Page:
Chicago | Reuters — U.S. corn futures dropped to their lowest prices in more than a week on Thursday after the U.S. Agriculture Department surprised traders by raising its domestic yield estimate in a monthly crop report.
The losses dragged down soybean futures, which earlier approached a three-month high on lower-than-expected U.S. yield and ending stocks estimates in the report.
Analysts and traders have been uncertain about the size of the crops and skeptical of USDA’s previous estimates after historic rains and flooding caused severe planting delays across the U.S. Midwest this spring.
“There’s way more corn than we thought there was going to be,” said Tomm Pfitzenmaier, analyst for Summit Commodity Brokerage in Iowa.
Most-active corn futures sank 3.6 per cent to $3.80-1/4 a bushel (all figures US$) at the Chicago Board of Trade (CBOT). The losses were a setback from a nearly two-month high reached on Wednesday.
CBOT soybeans closed down 0.1 per cent at $9.23-1/2 a bushel after reaching their highest price since July 15. CBOT wheat retreated 1.8 per cent to $4.93 after prices reached a two-month high on Wednesday.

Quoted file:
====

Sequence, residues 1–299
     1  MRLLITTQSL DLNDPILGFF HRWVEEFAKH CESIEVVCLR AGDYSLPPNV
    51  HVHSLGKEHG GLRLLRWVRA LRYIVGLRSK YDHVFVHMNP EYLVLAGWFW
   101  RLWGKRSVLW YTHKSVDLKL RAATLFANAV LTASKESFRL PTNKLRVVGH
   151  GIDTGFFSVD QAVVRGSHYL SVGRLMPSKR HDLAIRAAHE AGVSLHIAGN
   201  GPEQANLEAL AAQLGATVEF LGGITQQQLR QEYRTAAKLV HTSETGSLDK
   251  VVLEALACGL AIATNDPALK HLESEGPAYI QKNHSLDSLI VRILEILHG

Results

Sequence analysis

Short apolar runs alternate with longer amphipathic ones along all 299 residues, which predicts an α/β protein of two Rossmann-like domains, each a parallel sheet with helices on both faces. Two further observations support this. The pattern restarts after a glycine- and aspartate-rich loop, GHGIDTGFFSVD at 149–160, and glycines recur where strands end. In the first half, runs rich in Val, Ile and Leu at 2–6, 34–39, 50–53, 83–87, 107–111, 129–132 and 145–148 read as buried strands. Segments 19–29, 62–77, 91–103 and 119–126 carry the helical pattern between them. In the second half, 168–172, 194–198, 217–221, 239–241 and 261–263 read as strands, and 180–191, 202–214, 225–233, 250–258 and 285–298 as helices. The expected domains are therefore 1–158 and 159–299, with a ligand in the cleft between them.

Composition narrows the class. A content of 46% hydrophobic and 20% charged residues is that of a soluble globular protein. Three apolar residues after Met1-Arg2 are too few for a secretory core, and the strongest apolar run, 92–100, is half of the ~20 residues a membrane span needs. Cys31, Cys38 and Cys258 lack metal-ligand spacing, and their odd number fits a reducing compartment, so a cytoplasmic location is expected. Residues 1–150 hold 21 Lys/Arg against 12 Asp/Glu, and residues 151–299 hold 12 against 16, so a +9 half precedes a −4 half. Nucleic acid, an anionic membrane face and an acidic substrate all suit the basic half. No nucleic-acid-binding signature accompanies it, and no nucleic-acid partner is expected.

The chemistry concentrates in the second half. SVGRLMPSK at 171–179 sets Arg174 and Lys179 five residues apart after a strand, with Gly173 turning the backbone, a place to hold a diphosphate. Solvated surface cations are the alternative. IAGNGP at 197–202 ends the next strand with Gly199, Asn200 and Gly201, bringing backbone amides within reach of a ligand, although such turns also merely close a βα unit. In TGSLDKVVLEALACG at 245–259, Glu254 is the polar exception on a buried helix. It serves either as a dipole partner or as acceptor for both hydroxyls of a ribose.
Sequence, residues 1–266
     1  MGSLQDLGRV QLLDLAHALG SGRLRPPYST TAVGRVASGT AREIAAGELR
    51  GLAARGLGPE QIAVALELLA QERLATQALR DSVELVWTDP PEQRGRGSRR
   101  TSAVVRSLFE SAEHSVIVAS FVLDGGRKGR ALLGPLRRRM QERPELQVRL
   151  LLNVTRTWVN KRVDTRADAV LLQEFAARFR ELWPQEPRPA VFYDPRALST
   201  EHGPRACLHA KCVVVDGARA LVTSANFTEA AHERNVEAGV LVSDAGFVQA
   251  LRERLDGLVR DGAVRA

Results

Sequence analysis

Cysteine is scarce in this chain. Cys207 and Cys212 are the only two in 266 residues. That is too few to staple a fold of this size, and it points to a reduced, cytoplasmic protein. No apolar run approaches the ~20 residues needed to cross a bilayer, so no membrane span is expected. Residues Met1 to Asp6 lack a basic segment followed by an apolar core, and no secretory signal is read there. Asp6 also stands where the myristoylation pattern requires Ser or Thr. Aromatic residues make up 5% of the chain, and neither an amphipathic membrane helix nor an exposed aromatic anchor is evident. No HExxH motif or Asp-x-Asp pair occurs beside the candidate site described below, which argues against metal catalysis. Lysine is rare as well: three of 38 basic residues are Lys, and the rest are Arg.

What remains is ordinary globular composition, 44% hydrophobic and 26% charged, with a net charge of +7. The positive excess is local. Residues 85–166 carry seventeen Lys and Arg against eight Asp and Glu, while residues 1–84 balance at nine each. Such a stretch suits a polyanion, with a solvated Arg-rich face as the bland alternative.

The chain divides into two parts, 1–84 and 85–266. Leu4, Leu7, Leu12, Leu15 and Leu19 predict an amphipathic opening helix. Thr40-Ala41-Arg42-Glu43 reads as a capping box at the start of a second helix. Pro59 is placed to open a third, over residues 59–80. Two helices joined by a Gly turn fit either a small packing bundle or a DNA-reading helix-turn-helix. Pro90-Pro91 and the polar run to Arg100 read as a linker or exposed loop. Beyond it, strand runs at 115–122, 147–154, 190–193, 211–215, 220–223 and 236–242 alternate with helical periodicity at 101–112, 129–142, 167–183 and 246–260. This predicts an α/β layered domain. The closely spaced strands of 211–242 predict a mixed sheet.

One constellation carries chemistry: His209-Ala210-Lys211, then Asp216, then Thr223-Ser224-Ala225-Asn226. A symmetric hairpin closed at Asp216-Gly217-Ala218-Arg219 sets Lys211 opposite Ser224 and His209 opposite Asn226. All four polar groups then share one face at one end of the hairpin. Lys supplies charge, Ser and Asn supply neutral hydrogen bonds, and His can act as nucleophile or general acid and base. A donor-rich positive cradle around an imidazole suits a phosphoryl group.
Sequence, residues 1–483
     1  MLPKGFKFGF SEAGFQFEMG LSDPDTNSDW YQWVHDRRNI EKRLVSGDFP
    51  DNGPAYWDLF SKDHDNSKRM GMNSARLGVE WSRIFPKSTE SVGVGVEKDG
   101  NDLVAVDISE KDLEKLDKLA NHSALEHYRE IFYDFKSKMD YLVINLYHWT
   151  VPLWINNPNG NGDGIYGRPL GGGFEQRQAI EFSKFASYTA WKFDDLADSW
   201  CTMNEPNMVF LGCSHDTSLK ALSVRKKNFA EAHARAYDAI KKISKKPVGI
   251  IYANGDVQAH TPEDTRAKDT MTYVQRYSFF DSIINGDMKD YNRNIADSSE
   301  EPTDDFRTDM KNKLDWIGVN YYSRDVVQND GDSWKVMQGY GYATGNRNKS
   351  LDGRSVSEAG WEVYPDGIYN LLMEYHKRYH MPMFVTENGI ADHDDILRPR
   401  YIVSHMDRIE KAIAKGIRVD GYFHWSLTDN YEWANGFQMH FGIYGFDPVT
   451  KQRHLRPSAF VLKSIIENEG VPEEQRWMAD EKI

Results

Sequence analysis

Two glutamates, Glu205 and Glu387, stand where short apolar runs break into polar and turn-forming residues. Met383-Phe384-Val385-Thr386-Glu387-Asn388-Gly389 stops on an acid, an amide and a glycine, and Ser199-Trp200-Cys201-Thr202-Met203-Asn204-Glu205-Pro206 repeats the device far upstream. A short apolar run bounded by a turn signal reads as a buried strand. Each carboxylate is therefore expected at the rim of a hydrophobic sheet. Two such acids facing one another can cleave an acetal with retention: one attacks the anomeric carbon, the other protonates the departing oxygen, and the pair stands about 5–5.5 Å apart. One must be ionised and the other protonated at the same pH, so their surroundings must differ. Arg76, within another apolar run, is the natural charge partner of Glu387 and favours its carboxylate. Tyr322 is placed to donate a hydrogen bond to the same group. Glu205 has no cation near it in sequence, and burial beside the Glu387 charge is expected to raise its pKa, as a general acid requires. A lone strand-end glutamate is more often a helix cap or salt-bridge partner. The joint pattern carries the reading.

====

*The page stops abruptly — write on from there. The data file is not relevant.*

USDA, in its monthly supply and demand (WASDE) report, pegged the U.S. corn yield at 168.4 bushels per acre, compared with 168.2 bushels in September. Analysts were expecting a cut to 167.5 bushels.
The agency reduced its soybean yield estimate to 46.9 bu./ac. from 47.9 last month. Analysts were expecting 47.3 bushels.
“The soybean-corn spreading was a given after USDA cut the soybean yield by a bushel and took the corn yield up a surprising 0.2 bushel,” said Terry Reilly, senior commodity analyst for Futures International.
USDA lowered its estimate for U.S. soybean ending stocks to 460 million bushels from 640 million last month. The trend toward tighter supplies helped support soy futures, Reilly said.
USDA, in a separate daily report for export sales, said China bought 398,000 tonnes of U.S. soybeans.
Traders are focused on China’s soybean demand as Washington and Beijing seek to resolve the bruising trade war that has slowed exports of U.S. farm products including soybeans. Top U.S. and China trade negotiators were set to meet on Thursday for the first time since late July to try to find a way out of the 15-month dispute.
“If we get a trade deal, we’re going to say, ‘Wow we’re going to run out of soybeans this year,'” said Ted Seifried, chief market strategist for Zaner Ag Hedge.
— Reporting for Reuters by Tom Polansek in Chicago; additional reporting by Gus Trompiz in Paris and Naveen Thukral in Singapore.